Death Toll Rises in Southern California Mudslide
David Mcnew  /  Getty Images
Members of a prison crew pause while searching for survivors and recovering the dead in the debris flow of a huge mudslide Wednesday in La Conchita.
updated 1/13/2005 6:13:00 PM ET 2005-01-13T23:13:00

Authorities ended the search Thursday for victims of the deadly mudslide and warned residents not to return to the town because of the danger of another collapse.

The death toll stood at 10 in the beach community devastated by Monday’s torrent of dirt and trees, and everyone on the list of missing people had been located. Thirteen homes were destroyed and 18 others were damaged.

In spite of the return of dry, sunny weather, officials said the danger of mudslides remained high. Meanwhile, the massive storm that triggered the slide was wreaking destruction in other Western states, destroying homes and washing out roads in Arizona, Nevada and Utah .

“The La Conchita community is a geologically hazardous area,” Sheriff Bob Brooks said. “It has been historically, it is today, and it will remain so. We do not recommend that people return to this area or the people who stay here remain here.”

The entire town of about 260 people was evacuated Monday.

Brooks conceded that officials do not have the authority to prevent people from going back if their homes have been determined to be sound. Authorities planned to meet with residents Friday to discuss a specific plan for their return.

Brooks said the remaining pile of mud and debris might never be moved, even though some homes remained buried. Geologists warned that moving the mound could bring more mudslides, because it is acting as a support for the rest of the rain-saturated hillside.

“You could lose the rest of the community,” Brooks said.

Authorities estimated that 400,000 tons of mud fell on the community and an additional 1.3 million tons remained on the unstable hillside.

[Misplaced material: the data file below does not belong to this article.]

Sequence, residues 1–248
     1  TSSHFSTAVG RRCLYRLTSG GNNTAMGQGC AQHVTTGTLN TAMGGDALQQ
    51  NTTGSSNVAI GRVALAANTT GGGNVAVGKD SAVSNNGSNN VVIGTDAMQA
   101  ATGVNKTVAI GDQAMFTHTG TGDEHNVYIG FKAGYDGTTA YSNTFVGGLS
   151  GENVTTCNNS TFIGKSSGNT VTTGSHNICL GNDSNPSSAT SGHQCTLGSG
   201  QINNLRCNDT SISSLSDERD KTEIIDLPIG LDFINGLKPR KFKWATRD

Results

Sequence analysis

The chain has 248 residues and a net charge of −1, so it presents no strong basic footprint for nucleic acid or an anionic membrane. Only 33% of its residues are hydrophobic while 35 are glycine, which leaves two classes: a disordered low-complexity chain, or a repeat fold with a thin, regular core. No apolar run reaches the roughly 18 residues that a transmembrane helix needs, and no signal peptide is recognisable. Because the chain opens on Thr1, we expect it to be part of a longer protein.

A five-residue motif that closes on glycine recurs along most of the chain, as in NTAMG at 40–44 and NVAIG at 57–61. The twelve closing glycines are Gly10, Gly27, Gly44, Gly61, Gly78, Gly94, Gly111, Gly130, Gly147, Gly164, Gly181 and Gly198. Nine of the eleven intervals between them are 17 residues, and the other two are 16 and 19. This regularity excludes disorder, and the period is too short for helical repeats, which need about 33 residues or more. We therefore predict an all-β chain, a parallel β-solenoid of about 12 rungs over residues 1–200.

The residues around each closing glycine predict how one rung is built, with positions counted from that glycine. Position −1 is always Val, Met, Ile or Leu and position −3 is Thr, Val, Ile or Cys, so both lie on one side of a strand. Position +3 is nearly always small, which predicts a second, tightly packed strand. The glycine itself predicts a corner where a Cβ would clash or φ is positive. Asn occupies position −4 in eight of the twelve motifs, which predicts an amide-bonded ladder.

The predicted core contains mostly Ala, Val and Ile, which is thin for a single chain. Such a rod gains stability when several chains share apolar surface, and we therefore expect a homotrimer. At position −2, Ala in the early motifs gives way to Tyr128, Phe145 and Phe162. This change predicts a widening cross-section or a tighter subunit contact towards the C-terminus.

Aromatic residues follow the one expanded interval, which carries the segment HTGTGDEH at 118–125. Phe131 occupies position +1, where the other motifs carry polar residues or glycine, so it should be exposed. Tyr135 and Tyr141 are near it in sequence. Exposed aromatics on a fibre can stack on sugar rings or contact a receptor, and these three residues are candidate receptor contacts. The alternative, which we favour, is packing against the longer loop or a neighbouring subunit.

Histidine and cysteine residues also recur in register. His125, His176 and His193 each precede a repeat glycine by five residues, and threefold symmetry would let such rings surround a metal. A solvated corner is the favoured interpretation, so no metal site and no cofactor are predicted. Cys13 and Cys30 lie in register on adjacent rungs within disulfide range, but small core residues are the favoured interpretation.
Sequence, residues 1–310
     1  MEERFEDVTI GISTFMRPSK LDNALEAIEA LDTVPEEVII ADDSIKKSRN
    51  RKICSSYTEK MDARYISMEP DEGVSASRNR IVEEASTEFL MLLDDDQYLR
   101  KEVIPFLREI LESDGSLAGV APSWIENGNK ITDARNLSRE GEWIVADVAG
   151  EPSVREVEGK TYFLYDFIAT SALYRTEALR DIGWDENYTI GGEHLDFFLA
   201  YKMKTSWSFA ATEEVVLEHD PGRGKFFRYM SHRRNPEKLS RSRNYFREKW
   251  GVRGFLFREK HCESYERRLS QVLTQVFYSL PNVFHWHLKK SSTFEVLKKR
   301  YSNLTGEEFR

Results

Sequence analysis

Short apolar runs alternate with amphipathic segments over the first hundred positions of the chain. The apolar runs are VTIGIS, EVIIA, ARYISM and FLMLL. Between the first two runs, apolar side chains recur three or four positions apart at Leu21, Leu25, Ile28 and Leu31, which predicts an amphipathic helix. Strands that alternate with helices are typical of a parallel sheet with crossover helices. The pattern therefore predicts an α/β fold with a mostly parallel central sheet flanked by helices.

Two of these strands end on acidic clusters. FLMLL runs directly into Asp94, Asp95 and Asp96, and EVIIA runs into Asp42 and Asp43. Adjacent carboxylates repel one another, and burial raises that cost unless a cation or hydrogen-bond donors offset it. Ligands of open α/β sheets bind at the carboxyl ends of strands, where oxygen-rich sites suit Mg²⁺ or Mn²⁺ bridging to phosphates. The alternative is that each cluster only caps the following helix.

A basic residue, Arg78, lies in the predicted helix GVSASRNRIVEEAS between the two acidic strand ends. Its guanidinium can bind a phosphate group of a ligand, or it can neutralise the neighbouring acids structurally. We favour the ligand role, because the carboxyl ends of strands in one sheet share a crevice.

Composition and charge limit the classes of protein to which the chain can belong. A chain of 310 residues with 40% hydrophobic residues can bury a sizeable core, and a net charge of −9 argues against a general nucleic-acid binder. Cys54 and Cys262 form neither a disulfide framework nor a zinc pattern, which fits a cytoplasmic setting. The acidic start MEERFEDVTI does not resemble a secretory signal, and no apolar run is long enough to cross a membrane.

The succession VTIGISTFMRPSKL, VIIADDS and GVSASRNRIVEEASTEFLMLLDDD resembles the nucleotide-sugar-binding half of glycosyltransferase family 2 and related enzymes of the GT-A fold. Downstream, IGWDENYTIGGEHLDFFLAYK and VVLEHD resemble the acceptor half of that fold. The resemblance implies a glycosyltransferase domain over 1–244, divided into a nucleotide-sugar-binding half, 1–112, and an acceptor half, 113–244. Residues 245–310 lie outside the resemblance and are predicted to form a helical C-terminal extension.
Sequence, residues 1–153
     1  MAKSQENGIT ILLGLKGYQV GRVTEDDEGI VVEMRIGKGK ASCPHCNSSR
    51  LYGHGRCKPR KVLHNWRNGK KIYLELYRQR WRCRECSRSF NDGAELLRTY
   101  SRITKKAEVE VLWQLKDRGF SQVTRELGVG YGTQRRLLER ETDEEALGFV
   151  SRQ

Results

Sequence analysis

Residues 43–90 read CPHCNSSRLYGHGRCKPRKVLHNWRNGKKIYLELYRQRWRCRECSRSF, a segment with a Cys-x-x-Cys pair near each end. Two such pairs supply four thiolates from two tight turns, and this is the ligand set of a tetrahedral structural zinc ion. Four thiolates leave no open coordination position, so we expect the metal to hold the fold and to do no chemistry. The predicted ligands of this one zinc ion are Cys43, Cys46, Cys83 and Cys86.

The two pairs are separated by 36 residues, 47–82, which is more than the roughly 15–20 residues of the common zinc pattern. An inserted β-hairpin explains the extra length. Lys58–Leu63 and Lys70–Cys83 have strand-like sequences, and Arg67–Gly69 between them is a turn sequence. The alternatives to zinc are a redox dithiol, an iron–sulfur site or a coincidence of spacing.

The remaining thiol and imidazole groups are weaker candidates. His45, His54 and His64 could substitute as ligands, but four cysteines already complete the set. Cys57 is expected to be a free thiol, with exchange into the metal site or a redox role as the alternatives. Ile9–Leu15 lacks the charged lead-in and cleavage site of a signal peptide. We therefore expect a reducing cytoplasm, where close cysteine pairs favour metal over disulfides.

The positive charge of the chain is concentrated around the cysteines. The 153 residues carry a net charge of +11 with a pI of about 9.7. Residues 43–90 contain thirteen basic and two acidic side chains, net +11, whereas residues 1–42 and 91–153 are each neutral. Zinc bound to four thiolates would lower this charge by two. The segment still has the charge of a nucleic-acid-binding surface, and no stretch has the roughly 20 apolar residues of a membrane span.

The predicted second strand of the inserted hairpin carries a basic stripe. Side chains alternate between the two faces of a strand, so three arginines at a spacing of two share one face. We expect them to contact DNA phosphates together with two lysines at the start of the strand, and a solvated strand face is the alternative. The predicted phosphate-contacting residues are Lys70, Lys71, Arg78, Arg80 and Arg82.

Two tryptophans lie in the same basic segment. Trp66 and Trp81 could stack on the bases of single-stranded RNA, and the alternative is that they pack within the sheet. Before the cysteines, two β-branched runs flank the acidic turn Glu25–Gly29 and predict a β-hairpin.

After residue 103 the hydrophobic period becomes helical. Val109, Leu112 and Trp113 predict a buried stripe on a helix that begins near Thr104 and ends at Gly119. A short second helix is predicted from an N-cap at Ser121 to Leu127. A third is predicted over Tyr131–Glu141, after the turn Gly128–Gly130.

It was the second time the cliffs behind La Conchita had smashed into the community. In March 1995, nine homes were destroyed when some 600,000 tons of earth fell onto the town after a powerful storm.

The search for more possible victims was ended after radar found no pockets in the muck where people might have taken shelter.

“The last person brought out alive was 56 hours ago,” Ventura County Fire Chief Bob Roper said. “We are now moving this operation from a rescue operation to a re-establishment of the community.”

Gov. Arnold Schwarzenegger visited La Conchita on Wednesday and declared a state of emergency in Ventura County that will make it eligible for government aid.

White House spokesman Scott McClellan said President Bush and federal officials were also trying to help.

“The president wants to make sure we’re doing what we need to be doing from a federal level to support officials and authorities in California,” McClellan said.

From his hospital bed, survivor Greg Ray recalled seeing a mountain come down toward him when the slide hit.

“I lost people that I love, and the only reason that I’m alive ... I don’t know,” Ray said.

Ray, 61, dived into a space between two parked cars seconds before a trailer and mud overtook him. The cars were crushed “down to the wheels,” he said.

Rescuers found Ray within minutes, but it took three hours to dig him out.

© 2012 The Associated Press. All rights reserved. This material may not be published, broadcast, rewritten or redistributed.

Video: Warning for La Conchita

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